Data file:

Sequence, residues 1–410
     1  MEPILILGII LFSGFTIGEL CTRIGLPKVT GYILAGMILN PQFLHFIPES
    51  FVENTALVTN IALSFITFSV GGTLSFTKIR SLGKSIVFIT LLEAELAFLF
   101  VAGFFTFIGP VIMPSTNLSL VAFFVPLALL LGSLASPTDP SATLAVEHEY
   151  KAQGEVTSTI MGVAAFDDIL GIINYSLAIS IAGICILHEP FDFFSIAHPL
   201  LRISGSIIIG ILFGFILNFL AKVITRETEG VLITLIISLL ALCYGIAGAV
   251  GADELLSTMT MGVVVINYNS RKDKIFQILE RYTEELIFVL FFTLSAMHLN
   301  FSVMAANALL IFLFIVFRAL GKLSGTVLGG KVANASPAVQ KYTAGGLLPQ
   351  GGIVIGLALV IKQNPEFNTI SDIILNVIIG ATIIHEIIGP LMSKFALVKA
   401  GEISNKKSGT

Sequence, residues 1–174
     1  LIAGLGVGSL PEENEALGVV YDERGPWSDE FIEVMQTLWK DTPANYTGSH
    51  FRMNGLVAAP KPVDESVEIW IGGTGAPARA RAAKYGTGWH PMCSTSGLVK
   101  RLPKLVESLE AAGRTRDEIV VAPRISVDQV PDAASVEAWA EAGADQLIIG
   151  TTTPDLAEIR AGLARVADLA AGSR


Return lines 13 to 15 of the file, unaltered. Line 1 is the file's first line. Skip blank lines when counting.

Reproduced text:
    51  FRMNGLVAAP KPVDESVEIW IGGTGAPARA RAAKYGTGWH PMCSTSGLVK
   101  RLPKLVESLE AAGRTRDEIV VAPRISVDQV PDAASVEAWA EAGADQLIIG
   151  TTTPDLAEIR AGLARVADLA AGSR